Clarence Hill was convicted of fatally shooting Pensacola police officer Stephen Taylor in 1982.
Published - April, 27, 2006
Justices hear out Hill case
Larry Wheeler News Journal Washington bureau
WASHINGTON -- Justices on the nation's highest court didn't wait long Wednesday to challenge claims by death row inmate Clarence Hill that aspects of the lethal injection method used in Florida amount to cruel and unusual punishment.
Todd Doss of Lake City, Hill's attorney, was only minutes into his opening statement when Supreme Court justices interrupted to ask whether Hill would find any method of death by lethal injection acceptable.
"I'm willing to bet whatever that alternative is, it would be subjected to a challenge," Chief Justice John Roberts Jr. said.
Justice Antonin Scalia seemed even more doubtful.
"You are pressing it to the point where any pain that can be eliminated must be eliminated," Scalia told Doss. "That's an extreme position."
Hill was convicted of fatally shooting Pensacola police officer Stephen Taylor on Oct. 19, 1982, as Hill and an accomplice exited a downtown bank they had just robbed.
The Hill case is being watched closely by death penalty opponents and advocates because it has important implications for death row prisoners nationwide.
States that use lethal injection for executions do not all use the same method, but a victory for Hill would encourage claims attacking each state's method.
A decision could be issued as soon as June.
If the court sides with Hill, the case probably would end up back in federal court in Tallahassee for full hearings on the questions Hill has raised.
If his claims are ultimately found to have merit, Florida might have to change the way it administers lethal injections. That conceivably could take years to litigate and would delay all Florida executions.
The question before the Supreme Court is whether a lower court erred in dismissing Hill's use of a civil rights statute to force review of the three-chemical combination that Florida's Department of Corrections uses to carry out death sentences.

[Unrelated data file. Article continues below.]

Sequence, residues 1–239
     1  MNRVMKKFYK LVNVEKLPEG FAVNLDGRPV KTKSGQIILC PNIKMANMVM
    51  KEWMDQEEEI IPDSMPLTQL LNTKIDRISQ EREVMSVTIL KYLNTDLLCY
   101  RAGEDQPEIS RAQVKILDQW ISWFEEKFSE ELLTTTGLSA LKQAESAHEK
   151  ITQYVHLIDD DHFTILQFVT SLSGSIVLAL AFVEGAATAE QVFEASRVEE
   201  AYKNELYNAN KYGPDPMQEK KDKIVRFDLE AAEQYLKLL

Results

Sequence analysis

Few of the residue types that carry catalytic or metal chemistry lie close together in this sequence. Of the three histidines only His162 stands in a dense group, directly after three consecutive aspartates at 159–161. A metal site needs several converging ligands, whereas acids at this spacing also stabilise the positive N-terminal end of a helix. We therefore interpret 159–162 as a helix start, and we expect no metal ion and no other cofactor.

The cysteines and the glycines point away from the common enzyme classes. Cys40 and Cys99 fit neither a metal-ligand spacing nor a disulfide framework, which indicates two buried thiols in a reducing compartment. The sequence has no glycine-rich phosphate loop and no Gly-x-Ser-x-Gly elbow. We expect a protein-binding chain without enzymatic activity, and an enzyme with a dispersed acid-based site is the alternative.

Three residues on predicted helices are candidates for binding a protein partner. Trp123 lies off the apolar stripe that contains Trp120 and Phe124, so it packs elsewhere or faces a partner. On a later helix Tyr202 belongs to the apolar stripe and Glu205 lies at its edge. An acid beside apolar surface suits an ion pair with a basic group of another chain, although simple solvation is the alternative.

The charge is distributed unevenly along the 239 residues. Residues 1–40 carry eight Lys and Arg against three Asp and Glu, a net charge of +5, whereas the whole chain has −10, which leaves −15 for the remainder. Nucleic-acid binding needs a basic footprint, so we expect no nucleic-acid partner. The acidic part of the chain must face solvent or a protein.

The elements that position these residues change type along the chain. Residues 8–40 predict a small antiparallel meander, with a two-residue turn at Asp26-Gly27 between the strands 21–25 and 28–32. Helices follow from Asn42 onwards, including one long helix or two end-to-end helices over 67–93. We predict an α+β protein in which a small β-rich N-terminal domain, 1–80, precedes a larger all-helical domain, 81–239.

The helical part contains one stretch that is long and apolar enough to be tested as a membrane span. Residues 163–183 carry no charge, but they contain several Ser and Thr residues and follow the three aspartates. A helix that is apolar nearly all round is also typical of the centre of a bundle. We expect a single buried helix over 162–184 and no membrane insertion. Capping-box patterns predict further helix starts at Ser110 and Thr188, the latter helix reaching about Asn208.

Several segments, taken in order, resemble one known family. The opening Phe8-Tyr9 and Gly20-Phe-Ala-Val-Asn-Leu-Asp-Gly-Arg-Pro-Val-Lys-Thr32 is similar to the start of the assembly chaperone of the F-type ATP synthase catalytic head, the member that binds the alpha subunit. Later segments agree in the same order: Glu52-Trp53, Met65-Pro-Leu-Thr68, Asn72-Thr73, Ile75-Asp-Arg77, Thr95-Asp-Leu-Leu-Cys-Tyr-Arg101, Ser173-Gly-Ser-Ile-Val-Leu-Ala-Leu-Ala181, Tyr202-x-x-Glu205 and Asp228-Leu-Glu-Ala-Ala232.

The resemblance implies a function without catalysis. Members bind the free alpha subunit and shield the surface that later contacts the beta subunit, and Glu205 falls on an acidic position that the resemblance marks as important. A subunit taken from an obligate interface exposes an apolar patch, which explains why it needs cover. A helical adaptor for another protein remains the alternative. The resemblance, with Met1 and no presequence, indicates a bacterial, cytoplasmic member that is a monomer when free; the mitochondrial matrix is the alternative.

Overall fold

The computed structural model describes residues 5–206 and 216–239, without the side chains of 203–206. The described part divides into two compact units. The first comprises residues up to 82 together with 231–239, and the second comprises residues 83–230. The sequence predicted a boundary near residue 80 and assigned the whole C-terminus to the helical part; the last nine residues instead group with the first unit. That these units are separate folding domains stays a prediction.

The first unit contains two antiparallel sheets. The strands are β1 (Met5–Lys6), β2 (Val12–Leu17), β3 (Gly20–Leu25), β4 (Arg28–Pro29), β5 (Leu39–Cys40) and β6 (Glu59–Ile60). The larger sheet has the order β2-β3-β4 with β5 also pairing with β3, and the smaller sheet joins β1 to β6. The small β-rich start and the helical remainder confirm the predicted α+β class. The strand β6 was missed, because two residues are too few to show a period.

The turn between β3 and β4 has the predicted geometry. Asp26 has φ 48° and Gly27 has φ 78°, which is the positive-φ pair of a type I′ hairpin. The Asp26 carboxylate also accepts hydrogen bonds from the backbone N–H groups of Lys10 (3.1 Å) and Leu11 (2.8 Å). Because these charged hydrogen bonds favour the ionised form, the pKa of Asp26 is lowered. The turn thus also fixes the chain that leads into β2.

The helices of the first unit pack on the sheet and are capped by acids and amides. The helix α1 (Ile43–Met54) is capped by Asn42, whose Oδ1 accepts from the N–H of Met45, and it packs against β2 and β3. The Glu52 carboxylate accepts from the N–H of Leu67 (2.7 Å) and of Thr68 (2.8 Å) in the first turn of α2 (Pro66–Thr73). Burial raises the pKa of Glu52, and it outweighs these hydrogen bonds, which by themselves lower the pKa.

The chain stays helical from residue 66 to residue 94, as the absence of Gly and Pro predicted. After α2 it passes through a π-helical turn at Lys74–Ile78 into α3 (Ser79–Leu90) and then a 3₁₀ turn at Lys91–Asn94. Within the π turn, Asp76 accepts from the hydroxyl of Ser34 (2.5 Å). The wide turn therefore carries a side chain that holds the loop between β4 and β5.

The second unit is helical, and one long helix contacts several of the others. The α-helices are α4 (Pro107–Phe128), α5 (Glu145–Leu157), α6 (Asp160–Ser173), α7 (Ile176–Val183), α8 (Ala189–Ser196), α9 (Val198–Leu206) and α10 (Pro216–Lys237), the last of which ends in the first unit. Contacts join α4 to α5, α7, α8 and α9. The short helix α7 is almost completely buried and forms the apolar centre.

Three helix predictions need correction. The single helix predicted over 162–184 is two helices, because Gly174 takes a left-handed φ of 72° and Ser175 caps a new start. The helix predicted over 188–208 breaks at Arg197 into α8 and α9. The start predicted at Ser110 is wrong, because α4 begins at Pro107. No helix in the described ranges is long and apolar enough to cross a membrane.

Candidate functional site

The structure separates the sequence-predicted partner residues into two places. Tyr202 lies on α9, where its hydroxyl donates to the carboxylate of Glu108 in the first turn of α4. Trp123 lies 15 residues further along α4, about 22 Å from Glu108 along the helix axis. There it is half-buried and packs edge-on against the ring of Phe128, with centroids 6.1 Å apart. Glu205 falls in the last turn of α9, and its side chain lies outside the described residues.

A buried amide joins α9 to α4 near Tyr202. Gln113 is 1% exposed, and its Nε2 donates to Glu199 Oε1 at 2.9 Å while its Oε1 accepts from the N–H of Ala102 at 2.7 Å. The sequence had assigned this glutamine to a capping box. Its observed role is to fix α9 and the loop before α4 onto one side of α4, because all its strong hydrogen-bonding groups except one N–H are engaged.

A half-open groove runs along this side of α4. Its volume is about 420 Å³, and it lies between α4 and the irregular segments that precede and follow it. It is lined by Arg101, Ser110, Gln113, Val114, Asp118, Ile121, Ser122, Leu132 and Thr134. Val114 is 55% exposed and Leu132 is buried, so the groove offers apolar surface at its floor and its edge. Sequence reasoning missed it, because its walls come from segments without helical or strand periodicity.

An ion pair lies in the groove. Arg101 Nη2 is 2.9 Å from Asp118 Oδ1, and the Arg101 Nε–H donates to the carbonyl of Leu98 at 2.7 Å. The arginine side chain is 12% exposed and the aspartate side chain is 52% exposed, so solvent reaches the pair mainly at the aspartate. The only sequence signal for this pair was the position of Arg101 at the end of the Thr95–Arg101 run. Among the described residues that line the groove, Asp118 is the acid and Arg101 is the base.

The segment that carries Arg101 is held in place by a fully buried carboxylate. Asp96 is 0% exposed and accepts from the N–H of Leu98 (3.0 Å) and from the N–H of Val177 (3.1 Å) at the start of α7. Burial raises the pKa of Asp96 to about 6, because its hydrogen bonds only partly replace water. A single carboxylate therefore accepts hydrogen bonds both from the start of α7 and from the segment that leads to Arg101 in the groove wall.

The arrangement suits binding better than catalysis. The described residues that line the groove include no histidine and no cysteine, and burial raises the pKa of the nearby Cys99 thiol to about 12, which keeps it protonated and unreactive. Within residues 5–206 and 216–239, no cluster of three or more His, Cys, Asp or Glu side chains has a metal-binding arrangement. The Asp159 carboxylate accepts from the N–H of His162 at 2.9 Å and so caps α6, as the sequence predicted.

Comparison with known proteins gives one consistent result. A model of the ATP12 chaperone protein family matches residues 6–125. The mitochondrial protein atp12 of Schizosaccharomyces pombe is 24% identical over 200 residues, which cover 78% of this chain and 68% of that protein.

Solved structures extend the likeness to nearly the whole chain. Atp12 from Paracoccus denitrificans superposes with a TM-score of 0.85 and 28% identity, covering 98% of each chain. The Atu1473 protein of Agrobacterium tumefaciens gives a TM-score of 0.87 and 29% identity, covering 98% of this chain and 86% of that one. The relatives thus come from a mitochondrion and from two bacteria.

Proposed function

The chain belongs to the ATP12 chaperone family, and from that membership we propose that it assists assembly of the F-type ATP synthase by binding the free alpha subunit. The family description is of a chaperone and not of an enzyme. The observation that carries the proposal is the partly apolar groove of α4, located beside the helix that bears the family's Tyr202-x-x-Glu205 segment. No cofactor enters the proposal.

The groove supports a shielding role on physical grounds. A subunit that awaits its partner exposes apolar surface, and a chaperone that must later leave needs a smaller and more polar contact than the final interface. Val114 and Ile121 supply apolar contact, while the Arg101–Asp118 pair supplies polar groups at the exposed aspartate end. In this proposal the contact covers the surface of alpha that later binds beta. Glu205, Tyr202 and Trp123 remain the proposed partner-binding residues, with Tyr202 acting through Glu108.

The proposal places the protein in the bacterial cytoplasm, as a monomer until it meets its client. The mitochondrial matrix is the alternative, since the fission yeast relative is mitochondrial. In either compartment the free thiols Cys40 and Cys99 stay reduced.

Hill says the lethal chemical cocktail administered in the death chamber can cause excruciating pain if done improperly and thus violates the constitutional protection against cruel and unusual punishment.
Attorneys for the state so far have successfully argued that Hill has exhausted all the usual death penalty appeals. They say his current claim is repetitive and consequently invalid.
But Florida Assistant Attorney General Carolyn Snurkowski made little headway Wednesday as she fumbled to respond to questions posed by several justices.
"I'm sorry if in any way I was disingenuous," Snurkowski said at one point.
Roberts finally came to her rescue by outlining the constitutional arguments contained in the written brief the state filed with the court earlier.
"That is the core position that the state has taken," Snurkowski confirmed. "I'm sorry if I did not articulate that."
Snurkowski argued that because Hill isn't happy with Florida's lethal injection method, which has been used to execute 16 prisoners, it's his duty to suggest an alternative.
Several justices asked Snurkowski to justify that position, but she was unable to do so.
"This is a death case and not that amusing," Justice Anthony Kennedy said. "Does not the state have a minimal obligation to research whether this is the most humane method?"
In 2000, Florida adopted lethal injection as the state's method of execution after court challenges to electrocutions, which were causing prisoners to burn and bleed excessively.
Hill waited five years to make his lethal injection claim, a delay that several justices questioned closely.
Florida has suspended executions while Hill's case is pending.